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Dan question

 
Steven Broadbent
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Question 14
class MCZ24 {
public static void main (String[] args) {
char a = 061; // 1
char b = '\61'; // 2
char c = '\061'; // 3
char d = 0x0031; // 4
char e = '\u0031'; // 5
System.out.print(""+a+b+c+d+e);
}}
A compile-time error is generated at which line?
a. 1
b. 2
c. 3
d. 4
e. 5
f. None of the above
Answer given is :- f none of the above
All of the declarations are legal. The first three ( 061, '\61', '\061' ) are declared in octal format. The fourth (0x0031) is declared as a hexadecimal literal. The fifth ('\u0031') is a Unicode escape sequence.
I don't see how the first three are octal declarations - don't they all
have form '\uXXXX'
 
Anand Ko
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char a = 061; // 1
char b = '\61'; // 2
char c = '\061'; // 3
1) It is valid octal no.
2 & 3) We can use the escape sequence \ddd to specify a character literal by octal value, where each digit d can be any octal digit (0-7).
4 & 5) are hexadecimal.
Hope i made it clear.
 
Steven Broadbent
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Thanks, I did not see that in S and B though.
 
Dan Gun
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Yes, this is one bit that I don't feel covered extensively. Never mind, there's always the JLS.....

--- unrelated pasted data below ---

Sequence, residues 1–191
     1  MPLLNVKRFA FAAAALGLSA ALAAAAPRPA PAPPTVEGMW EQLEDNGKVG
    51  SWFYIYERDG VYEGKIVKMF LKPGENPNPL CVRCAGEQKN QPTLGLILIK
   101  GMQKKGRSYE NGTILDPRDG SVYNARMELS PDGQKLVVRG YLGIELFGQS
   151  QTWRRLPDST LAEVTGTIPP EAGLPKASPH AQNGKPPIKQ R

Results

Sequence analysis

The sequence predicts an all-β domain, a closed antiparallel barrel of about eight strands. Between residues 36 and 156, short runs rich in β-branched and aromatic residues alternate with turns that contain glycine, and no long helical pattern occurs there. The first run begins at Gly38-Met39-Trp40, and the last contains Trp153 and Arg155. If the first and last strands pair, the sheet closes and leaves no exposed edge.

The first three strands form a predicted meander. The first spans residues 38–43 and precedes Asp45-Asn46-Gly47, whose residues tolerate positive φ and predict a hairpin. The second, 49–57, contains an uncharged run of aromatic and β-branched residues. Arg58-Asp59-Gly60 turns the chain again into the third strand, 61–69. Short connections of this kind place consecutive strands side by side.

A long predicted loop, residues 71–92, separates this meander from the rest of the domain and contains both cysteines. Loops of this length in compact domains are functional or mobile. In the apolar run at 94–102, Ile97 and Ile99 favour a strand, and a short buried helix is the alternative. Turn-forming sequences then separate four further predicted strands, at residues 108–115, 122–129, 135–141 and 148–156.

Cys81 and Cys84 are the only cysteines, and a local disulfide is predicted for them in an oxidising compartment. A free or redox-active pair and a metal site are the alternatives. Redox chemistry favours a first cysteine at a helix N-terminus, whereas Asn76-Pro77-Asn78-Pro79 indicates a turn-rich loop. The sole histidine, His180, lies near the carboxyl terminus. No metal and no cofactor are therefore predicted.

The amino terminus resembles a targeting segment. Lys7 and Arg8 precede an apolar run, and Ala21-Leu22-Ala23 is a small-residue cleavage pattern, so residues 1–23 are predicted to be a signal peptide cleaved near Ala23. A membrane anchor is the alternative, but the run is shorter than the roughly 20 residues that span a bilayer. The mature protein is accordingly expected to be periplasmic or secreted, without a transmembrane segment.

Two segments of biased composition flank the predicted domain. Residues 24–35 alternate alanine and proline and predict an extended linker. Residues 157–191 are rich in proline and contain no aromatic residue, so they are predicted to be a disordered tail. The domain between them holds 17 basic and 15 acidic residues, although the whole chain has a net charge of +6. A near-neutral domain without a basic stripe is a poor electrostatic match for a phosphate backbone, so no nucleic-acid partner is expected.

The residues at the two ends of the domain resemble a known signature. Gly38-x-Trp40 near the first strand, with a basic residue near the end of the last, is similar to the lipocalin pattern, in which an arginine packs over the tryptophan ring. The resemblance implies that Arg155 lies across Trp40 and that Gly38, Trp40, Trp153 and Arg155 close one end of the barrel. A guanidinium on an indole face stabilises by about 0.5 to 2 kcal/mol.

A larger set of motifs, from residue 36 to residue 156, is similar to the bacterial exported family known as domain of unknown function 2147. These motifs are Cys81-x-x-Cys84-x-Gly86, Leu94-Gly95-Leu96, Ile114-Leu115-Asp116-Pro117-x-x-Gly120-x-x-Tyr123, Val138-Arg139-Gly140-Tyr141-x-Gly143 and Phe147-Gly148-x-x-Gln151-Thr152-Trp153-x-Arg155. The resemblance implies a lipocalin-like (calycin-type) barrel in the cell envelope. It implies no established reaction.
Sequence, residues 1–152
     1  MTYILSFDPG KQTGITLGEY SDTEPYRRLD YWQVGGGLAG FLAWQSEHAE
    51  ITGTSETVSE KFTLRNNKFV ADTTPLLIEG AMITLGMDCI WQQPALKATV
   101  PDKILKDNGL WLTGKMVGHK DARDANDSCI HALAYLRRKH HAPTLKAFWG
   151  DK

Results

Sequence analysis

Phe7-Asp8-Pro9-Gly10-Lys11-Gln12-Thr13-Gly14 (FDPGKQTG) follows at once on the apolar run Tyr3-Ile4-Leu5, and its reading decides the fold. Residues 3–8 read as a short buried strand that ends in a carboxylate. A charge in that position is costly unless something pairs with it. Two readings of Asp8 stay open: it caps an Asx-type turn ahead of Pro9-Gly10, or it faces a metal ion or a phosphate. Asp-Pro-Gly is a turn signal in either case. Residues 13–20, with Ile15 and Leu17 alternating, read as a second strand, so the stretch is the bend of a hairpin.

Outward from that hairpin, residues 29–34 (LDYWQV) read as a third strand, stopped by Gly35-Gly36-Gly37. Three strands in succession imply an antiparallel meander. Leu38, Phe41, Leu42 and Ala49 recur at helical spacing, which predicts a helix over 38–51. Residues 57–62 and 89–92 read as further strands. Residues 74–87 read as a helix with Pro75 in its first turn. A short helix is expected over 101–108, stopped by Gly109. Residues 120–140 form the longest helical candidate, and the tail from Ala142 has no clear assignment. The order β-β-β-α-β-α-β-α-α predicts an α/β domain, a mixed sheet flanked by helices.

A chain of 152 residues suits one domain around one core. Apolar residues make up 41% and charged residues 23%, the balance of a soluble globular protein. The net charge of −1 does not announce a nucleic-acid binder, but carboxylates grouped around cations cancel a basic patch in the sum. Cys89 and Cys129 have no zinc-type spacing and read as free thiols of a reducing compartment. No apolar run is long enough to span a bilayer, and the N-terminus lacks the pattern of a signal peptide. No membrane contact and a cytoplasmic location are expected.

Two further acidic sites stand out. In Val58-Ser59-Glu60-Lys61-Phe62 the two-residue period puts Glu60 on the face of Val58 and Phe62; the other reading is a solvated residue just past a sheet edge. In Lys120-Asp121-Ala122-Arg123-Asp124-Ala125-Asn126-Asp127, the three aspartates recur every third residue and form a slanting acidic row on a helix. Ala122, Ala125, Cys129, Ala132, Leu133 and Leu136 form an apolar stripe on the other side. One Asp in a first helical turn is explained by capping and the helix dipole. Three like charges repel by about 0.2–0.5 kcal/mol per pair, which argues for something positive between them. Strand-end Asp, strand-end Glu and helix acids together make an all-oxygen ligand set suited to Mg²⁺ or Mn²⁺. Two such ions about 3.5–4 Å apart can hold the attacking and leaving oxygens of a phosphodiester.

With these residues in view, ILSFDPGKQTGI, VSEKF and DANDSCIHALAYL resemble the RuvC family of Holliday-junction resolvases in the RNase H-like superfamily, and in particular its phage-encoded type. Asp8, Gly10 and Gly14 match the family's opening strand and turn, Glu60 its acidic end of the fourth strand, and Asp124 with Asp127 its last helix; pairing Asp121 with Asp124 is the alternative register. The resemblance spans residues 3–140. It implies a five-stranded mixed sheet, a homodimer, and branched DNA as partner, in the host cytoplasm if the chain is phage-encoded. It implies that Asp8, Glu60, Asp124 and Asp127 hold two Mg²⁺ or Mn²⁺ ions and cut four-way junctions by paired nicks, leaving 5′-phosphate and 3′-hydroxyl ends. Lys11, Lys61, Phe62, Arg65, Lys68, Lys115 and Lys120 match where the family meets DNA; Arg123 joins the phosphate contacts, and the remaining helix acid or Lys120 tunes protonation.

Steven Broadbent
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Just looked through M and R and didn't see it, though
the form '\ddd' looks familiar.
I'm sure I read that the maximum allowed is 377 in octal, and this seems to be so - for instance char c = '\477'
gives compiler error : unclosed character literal
377 octal is 7+ 56 + 192 = 255 decimal.
anyone shed any light on this? Maybe it is worth adding to the list of exam gotchas.
 
Dan Chisholm
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Octal escapes are covered in
section 3.10.6 of the Java Language Specification.
The following indicates that the largest octal escape is \377.

OctalEscape:
\ OctalDigit
\ OctalDigit OctalDigit
\ ZeroToThree OctalDigit OctalDigit
OctalDigit: one of
0 1 2 3 4 5 6 7
ZeroToThree: one of
0 1 2 3
 
Steven Broadbent
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Thanks all, apparently this is for C compatability.
 
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